Seventy two years ago a war began that has left Korea separated ever since.
Along with the occupants of the East Asian peninsula, many Australian lives were changed forever by that war. To mark the anniversary of its ceasefire in 1953 and to honour those who served, a commemorative service was held by the memorial fountain at Club Taree on the morning of Wednesday, July 27.
Officiated by Club Taree CEO Paul Allan, the service included addresses from RSL sub-branch members Charlie Fisher, Darcy Elbourne and chaplain Reverend Bill Green.
Also present for the service, after driving up from Sydney that morning, was Cheil Church Reverend Matt Kang, who spoke of South Korea's gratitude to Australia for its support during the war, contributing directly, he said, to the peace and prosperity the country now enjoys.
As with anything meaningful, this didn't come about without a cost.
It's not the Forgotten War as far as we're concerned. We want to remember all those who served and this is why we're so keen to make sure it happens. We don't forget- Darcy Elbourne
By the time the Korean war was over, 340 Australians had been killed with 1200 wounded. Another 30 were taken as prisoners of war while 43 remain missing in a conflict that for one reason or another, passed by the collective consciousness of the Australian public.
Perhaps it was the brutalising effect of two world wars in the space of a generation still being felt, or that the conflict ended in a stalemate with no victorious celebration to mark its place in history.
It was this comparison to the recently ended World War II that often saw the effort in Korea derided due to the scale of the conflict, according to Taree RSL Sub-branch vice president, Darcy Elbourne.
"In the scheme of things it was seen as a little skirmish on the side. It wasn't of the scale as World War II. So a lot of the old veterans said it really wasn't a war," Darcy said.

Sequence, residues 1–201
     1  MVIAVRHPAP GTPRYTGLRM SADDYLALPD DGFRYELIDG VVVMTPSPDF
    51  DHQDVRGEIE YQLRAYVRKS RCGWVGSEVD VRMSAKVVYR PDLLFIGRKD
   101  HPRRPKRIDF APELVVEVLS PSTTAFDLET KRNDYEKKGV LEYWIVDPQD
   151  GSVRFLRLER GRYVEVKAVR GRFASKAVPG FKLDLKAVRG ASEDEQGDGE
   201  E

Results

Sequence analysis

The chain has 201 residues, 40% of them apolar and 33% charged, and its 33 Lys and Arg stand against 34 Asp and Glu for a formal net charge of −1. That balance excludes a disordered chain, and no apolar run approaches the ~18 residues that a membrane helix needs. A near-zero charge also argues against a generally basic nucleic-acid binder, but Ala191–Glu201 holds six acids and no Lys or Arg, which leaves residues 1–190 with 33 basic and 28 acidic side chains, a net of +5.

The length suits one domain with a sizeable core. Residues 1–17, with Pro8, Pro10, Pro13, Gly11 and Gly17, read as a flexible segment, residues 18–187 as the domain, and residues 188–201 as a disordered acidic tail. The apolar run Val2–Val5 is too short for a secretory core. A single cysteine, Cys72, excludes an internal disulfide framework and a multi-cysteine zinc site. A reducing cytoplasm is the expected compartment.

Beginning on June 25, 1950, with North Korean troops crossing the 38th parallel into South Korea, the war would last three years with the loss of approximately three million lives before the signing of an armistice on July 27, 1953.
With the north backed by China and the Soviet Union, they were able to bring the latest of Eastern Bloc weaponry to the conflict. Something Taree RSL Sub-branch treasurer, Ted Hill, observed at close quarters while onboard Qantas flights ferrying wounded back to Australia.
China was in the war then and the MiGs (soviet fighter jets) used to fly alongside us. They were so close you could see the pilot's goggles. Pretty exciting days- Ted Hill
"China was in the war then and the MiGs (soviet fighter jets) used to fly alongside us. They were so close you could see the pilot's goggles. They'd be pointing us away from Chinese airspace," Ted said.
"If the captain didn't move, they'd go ahead and fire a burst of tracer (bullets) across the nose of the aircraft. Of course, as soon as that happened, we'd turn left in a hurry. Pretty exciting days."
When prime minister Robert Menzies committed the 3rd Royal Australian Regiment (3RAR) to operations in Korea in 1950, one of those on the ground was Lance Corporal Leo Holden. Born in 1928 and the second of four children, Leo attended Taree High School until the age of fifteen when he left to start work. After trying unsuccessfully to enlist in the army at 16, he was finally accepted in 1947 after turning 18.
In September 1952 during a fierce battle, Leo was wounded when a grenade exploded causing injuries to both his legs. When his patrol suffered a further three casualties, Leo refused to be evacuated, remaining instead with the covering party and engaging the enemy until ordered by the patrol commander to be assisted once the withdrawal was almost completed.
He was subsequently evacuated to Japan before returning to Australia where he was discharged, and made his way home to Taree. Leo died in 2003, aged seventy four.
Sadly, today there are no surviving veterans of the Korean war within the Taree RSL Sub-branch.
Though some were met by a disinterested public on their return, history shows that those who served in Korea acquitted themselves with bravery and fortitude, often in the face of overwhelming odds. They are part of this nation's military history and deserve to be remembered, just as those who saw action in Tobruk, Pozières, and Gallipoli.
"It's not the Forgotten War as far as we're concerned. We want to remember all those who served and this is why we're so keen to make sure it happens. We don't forget," Darcy said.
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